Aug. 9 (UPI) -- The Supreme Court on Thursday declined to intervene in the planned execution of a Tennessee man convicted of raping and killing a 7-year-old girl in 1986.
Irick's lawyers said the state's lethal injection cocktail, including midazolam, a sedative, may not work effectively and could leave the man in pain.
States began using midazolam to replace pentobarbital after European makers of the latter drug halted sales to the United States for use in executions. Critics of the drug's use in lethal injections question its effectiveness, blaming it for prolonged and apparently painful executions, including that of Dennis McGuire in Ohio and Clayton Lockett in Oklahoma.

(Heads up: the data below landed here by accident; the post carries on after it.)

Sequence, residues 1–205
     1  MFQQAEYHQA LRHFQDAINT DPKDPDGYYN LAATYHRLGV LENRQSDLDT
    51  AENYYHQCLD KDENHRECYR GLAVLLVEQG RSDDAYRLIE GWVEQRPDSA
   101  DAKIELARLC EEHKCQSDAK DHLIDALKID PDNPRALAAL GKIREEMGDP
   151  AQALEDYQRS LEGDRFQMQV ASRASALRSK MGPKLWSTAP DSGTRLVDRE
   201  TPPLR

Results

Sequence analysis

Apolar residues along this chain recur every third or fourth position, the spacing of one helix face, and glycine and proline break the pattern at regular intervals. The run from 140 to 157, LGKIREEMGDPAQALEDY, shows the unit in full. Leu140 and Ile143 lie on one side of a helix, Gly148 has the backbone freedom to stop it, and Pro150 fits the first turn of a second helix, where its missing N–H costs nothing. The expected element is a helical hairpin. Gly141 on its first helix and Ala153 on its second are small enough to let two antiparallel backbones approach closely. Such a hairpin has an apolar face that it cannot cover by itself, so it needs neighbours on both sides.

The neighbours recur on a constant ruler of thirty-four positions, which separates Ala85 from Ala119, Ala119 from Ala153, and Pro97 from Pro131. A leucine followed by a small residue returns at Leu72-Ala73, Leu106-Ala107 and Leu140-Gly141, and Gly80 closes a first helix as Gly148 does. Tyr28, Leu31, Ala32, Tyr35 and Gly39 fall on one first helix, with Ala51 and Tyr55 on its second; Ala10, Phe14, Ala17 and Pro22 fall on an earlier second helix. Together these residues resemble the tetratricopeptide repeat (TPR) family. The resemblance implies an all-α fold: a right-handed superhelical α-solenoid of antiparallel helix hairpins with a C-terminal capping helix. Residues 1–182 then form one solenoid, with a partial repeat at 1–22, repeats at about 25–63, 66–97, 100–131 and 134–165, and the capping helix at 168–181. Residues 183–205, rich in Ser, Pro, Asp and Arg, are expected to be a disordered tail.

Supreme Court Justice Sonya Sotomayor disagreed with the court's decision not to stay the case.
"In refusing to grant Irick a stay, the court today turns a blind eye to a proven likelihood that the state of Tennessee is on the verge of inflicting several minutes of torturous pain on an inmate in its custody, while shrouding his suffering behind a veneer of paralysis," Sotomayor wrote in her dissent," she wrote in her dissent.
"I cannot in good conscience join in this 'rush to execute' without first seeking every assurance that our precedent permits such results...if the law permits this execution to go forward in spite of the horrific final minutes that Irick may well experience, then we stopped being a civilized nation and accepted barbarism."
The Tennessee Department of Correction said it served Irick his last meal at 3 p.m., a "super deluxe" hamburger, onion rings and a Pepsi.